How do you group students in project work? Do you choose for them or let them decide? How do you ensure everyone contributes? Do you appoint each group a team leader?
When I first started managing projects, I was horrible at grouping students. I tried to be the fun, idealistic, optimistic teacher who let students choose groups on their own. I gave pep talks to them about ‘not choosing their best friends,’ and to only choose people ‘who complimented them well.’
99% of the time they didn’t heed my advice. And it wasn’t their fault.
It was mine.
I had not provided them any basis for how to choose a group member or which of their peers would best ‘compliment’ their learning/ working style. They didn’t even know what their learning style was!
As explicit I was about academic instruction and the organization of content in a project, I was equally vague on how to work together as a group.
It took many failed attempts at grouping to finally discover three simple secrets that I still use today. I hope you find them useful.
Group Students According to Working Preferences
Like adults, students each have their preference in how they like to work. Some are the meticulous, detailed oriented strategists who long for perfection. Others are big picture thinkers who love to brainstorm ideas and imagine possibilities. Some just want to make sure everyone gets along. Each of these skill sets are crucial in a high functioning group. Work with students to identify their working preferences with this simple and straightforward leadership ‘compass assessment.’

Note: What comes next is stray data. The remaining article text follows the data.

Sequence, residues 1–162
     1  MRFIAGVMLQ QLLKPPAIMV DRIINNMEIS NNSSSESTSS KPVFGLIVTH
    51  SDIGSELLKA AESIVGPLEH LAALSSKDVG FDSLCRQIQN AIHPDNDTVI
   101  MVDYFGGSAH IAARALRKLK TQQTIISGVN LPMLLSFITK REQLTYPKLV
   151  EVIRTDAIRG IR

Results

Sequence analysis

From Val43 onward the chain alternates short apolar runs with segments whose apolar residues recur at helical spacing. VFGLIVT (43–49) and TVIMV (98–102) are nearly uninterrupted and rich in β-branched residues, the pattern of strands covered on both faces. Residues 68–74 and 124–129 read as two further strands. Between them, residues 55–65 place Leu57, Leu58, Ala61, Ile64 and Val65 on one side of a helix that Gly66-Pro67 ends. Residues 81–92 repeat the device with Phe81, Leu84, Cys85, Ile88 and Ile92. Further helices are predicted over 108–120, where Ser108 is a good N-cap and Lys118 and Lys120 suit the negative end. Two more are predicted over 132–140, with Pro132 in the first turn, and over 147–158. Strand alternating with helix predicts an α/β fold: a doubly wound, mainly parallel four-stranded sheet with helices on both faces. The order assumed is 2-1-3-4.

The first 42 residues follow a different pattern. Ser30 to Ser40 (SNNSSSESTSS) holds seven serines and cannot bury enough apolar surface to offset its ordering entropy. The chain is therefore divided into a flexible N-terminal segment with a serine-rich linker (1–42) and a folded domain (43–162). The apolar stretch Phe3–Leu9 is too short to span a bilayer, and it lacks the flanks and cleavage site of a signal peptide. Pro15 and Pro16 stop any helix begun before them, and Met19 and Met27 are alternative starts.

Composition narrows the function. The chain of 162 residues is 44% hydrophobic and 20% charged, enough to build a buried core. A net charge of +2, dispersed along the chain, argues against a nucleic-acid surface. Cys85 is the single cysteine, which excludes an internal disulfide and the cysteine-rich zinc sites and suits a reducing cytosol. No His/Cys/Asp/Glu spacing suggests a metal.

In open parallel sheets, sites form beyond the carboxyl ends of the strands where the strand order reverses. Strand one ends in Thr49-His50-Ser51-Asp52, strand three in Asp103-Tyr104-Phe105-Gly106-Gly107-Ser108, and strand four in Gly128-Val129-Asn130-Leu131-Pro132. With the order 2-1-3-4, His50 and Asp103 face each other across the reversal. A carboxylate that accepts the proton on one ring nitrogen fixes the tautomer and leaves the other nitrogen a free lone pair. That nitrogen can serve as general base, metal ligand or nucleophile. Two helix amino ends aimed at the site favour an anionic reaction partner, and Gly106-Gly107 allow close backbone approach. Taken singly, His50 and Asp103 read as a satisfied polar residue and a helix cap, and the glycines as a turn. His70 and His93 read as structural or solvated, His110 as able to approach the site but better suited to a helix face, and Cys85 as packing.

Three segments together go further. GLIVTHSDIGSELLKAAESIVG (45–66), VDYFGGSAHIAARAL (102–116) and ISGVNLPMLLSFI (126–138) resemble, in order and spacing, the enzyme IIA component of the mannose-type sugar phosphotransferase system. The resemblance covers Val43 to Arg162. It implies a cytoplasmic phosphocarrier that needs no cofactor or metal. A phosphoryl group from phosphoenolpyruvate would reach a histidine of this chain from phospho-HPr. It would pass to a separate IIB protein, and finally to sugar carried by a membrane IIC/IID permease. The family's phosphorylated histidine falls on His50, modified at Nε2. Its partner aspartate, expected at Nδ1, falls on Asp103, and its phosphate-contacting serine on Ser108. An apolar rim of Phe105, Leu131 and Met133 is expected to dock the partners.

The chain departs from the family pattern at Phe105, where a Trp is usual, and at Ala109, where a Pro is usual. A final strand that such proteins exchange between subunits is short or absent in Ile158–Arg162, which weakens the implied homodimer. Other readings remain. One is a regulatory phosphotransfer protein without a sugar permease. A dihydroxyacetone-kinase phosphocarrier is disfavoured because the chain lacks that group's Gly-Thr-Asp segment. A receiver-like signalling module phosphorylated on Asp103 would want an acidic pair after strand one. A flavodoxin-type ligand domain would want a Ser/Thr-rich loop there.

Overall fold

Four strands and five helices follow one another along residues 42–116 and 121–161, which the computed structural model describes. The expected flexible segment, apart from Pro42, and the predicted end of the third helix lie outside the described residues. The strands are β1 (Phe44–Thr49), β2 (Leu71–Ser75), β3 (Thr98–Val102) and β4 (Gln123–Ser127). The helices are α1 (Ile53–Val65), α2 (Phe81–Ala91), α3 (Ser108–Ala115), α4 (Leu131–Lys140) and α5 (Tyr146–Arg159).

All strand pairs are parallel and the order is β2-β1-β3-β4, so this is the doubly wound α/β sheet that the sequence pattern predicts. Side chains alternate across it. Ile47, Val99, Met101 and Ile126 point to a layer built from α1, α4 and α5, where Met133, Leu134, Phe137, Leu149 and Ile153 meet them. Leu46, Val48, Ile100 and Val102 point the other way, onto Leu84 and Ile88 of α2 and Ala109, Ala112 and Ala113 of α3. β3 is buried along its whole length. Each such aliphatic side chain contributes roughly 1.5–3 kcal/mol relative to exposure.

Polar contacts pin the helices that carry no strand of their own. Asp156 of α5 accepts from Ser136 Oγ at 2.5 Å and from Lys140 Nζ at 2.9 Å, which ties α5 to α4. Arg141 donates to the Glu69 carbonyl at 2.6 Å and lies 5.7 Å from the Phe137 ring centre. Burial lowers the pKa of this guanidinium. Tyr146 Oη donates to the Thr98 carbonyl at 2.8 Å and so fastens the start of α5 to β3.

After identifying their working preferences, have them identify the styles that would best compliment their strengths.
The ‘Blind Vote’ and Grouping According to Interest
To ensure students don’t choose groups solely based on friendships, try the ‘blind vote’ strategy. This strategy asks students vote blindly on their top preferences for topics within a project. For example, if you are leading a project on biodiversity on four types of animals, have students use fingers to vote from favorite to least favorite. After jotting down their preferences, arrange groups according to the best blend of working styles acquired in strategy #1.
Four Corners and Grouping According to Skill Set
The final strategy for student grouping is according to technical skill set. Let’s say you are leading a film making project that requires a writer, editor, producer and videographer. Place these roles/ job descriptions in each corner of the classroom and ask students to stand under the one that best matches their skills. After a bit of re-working to ensure corners have equal representation, ask students to form groups that have a member from each corner.
Grouping is never easy. It requires an imperfect balance of personalities, interests, skills and working preferences. However, by using the grouping strategies above, I sincerely hope you find it easier to strike that balance. As always, don’t be afraid to involve your students in the discussion.
Got grouping strategies of your own? I would love to hear them. Flick me a quick e-mail and I will be sure to share them with my tribe!
With students first,